It probably implies too much to say that leaving Anchorage, Alaska, is the best part of Anchorage, Alaska. But if you take that as a slam on Anchorage, it might be that you’ve never driven the Seward Highway out of town.
Sure, Anchorage didn’t strike us as a destination city. It’s mostly a functional place of recent vintage. Born less than 100 years ago as a railroad construction port, expanded during the Cold War with the introduction of Elmendorf Air Force Base and later because of nearby oil discoveries, Anchorage isn’t terribly quaint, particularly lively, or steeped in history. It does, however, have some pretty terrific Middle Eastern food (seriously, stop by hole-in-the-wall-good Falafel King when you’re in town). More strikingly, it serves as the anchor leg to what is quite possibly the most beautiful drive in the United States.
Now we don’t claim to be experts, but driving through the U.S. is one of the things we’ve spent most of the last four years of our lives doing. During that time we’ve traveled up the California and Oregon coast, traversed Colorado’s Million Dollar Highway, and ascended Glacier’s Going to the Sun Road. After all of that, we still think the 127-mile stretch of pavement connecting Anchorage to Seward is the most incredible we’ve ever seen.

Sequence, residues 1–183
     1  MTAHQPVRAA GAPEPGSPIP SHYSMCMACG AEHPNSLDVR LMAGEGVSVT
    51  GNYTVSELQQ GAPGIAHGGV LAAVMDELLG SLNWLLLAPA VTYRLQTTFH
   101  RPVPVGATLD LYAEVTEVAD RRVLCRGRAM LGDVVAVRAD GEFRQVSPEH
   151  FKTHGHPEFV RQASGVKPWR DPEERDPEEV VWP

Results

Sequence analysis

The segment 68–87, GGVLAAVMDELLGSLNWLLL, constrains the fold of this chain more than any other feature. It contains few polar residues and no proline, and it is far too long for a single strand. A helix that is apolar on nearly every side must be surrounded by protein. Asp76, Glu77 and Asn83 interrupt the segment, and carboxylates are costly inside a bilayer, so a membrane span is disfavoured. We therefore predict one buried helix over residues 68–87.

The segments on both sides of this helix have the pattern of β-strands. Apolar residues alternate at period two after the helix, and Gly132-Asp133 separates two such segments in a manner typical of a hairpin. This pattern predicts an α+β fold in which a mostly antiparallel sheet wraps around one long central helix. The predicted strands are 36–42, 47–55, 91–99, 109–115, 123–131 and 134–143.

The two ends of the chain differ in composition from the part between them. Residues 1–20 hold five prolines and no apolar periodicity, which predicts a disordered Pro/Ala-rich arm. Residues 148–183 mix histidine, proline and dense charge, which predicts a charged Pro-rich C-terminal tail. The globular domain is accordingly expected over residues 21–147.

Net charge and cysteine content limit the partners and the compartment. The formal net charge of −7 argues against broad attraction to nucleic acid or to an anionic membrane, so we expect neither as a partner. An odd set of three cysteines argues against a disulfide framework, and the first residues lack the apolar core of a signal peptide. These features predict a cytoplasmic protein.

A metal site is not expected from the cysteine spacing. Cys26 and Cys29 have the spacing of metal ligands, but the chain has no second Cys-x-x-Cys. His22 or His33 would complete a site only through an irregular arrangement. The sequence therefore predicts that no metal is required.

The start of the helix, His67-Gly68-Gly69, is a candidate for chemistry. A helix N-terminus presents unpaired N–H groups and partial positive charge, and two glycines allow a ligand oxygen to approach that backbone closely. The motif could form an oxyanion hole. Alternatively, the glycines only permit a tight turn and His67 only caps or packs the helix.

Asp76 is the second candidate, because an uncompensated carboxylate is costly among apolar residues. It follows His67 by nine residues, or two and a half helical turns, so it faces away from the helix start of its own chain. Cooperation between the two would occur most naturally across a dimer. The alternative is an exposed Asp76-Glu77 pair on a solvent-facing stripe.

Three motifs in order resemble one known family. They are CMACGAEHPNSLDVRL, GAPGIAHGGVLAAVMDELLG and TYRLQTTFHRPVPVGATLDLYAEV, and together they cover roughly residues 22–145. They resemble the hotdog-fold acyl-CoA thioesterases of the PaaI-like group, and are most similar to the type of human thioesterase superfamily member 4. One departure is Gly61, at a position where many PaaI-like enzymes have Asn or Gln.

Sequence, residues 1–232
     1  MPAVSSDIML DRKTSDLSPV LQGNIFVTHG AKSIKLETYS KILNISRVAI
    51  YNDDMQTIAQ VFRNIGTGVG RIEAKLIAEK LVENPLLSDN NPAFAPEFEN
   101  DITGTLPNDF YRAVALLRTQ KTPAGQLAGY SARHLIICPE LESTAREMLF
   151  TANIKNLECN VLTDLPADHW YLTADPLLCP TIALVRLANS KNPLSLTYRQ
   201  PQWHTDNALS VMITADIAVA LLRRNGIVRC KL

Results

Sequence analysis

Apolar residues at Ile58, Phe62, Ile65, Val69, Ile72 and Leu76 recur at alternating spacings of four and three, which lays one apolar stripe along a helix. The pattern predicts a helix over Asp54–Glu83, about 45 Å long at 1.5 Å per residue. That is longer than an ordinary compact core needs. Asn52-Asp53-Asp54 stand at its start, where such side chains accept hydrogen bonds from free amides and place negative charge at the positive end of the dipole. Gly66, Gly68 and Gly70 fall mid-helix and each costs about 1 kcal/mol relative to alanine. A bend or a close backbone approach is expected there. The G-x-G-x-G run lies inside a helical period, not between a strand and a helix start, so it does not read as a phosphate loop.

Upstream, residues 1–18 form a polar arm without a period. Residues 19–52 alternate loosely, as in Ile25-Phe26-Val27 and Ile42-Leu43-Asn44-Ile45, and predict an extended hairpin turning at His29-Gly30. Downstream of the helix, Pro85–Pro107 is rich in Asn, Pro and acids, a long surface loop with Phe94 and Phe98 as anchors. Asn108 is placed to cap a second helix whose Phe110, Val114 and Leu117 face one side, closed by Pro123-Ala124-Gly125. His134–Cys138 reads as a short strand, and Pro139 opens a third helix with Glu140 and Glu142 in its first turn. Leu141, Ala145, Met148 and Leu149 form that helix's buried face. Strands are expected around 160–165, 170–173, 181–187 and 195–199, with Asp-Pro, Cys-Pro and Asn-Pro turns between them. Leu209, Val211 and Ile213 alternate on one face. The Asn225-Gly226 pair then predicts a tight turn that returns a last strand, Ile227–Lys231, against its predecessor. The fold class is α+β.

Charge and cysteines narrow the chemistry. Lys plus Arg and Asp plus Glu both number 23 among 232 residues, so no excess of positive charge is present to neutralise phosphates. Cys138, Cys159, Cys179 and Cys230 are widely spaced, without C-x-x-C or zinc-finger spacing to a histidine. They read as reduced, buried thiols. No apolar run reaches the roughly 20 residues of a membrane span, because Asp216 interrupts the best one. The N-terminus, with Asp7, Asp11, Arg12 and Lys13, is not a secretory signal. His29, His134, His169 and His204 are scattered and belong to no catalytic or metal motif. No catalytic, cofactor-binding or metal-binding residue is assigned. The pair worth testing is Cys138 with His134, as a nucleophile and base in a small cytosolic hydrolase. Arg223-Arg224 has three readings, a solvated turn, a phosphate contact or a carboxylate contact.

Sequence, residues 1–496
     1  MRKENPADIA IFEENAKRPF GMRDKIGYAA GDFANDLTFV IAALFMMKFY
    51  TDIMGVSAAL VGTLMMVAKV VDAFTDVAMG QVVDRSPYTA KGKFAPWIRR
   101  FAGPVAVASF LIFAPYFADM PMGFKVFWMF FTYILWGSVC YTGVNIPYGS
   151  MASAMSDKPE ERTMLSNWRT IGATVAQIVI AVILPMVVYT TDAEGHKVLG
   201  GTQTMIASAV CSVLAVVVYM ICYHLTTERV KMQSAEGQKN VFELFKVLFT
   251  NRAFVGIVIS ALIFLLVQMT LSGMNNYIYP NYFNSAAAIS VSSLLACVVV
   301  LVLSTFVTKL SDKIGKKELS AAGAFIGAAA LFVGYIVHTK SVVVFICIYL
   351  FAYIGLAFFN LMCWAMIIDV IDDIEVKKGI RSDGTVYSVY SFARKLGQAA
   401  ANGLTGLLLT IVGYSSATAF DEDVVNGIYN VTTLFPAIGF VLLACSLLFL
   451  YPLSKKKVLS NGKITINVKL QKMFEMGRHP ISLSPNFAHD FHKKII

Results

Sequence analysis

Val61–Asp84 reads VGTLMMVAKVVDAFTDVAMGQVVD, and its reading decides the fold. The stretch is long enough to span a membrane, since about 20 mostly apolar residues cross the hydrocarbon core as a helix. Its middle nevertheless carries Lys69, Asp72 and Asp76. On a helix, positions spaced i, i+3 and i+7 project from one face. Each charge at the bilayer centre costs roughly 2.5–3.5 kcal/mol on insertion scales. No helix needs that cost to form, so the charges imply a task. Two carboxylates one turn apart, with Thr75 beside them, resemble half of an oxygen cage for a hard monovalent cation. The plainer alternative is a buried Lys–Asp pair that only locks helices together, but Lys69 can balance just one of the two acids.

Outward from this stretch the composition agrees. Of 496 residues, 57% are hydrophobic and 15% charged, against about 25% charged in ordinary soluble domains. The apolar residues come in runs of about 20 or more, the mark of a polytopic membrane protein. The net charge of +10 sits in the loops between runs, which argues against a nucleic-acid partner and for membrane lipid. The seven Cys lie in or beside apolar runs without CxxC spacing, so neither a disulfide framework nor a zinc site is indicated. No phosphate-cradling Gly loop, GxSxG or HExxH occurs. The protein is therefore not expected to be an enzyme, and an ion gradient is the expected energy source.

It’s stunning mountain vista after stunning mountain vista, all the way through. And what sets it apart, and in our view above, other domestic alpine terrain is that many of these mountains are framed by water. Two thirds of the drive winds along the Turnagain Arm of the Cook Inlet. It’s what a drive through the Rocky Mountains would be like if they were cleaved in half by a giant fjord.
And of course there’s Alaskan wildlife along the way. Our first-ever moose sighting occurred just fifteen minutes outside the city center in Potter Marsh.
Not bad for a day’s commute.